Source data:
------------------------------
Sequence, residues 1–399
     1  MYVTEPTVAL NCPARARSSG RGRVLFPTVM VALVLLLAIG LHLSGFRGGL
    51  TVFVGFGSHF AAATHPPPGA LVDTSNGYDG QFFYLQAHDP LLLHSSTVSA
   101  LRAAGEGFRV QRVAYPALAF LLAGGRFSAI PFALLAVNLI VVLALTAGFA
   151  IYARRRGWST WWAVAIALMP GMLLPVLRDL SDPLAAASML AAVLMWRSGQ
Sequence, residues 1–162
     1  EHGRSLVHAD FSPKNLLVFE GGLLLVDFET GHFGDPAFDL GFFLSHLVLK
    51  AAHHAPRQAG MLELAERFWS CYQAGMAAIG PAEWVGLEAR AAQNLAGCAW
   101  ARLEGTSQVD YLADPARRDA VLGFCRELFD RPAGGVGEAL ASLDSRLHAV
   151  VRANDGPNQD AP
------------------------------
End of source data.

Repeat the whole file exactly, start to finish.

Sequence, residues 1–399
     1  MYVTEPTVAL NCPARARSSG RGRVLFPTVM VALVLLLAIG LHLSGFRGGL
    51  TVFVGFGSHF AAATHPPPGA LVDTSNGYDG QFFYLQAHDP LLLHSSTVSA
   101  LRAAGEGFRV QRVAYPALAF LLAGGRFSAI PFALLAVNLI VVLALTAGFA
   151  IYARRRGWST WWAVAIALMP GMLLPVLRDL SDPLAAASML AAVLMWRSGQ
Sequence, residues 1–162
     1  EHGRSLVHAD FSPKNLLVFE GGLLLVDFET GHFGDPAFDL GFFLSHLVLK
    51  AAHHAPRQAG MLELAERFWS CYQAGMAAIG PAEWVGLEAR AAQNLAGCAW
   101  ARLEGTSQVD YLADPARRDA VLGFCRELFD RPAGGVGEAL ASLDSRLHAV
   151  VRANDGPNQD AP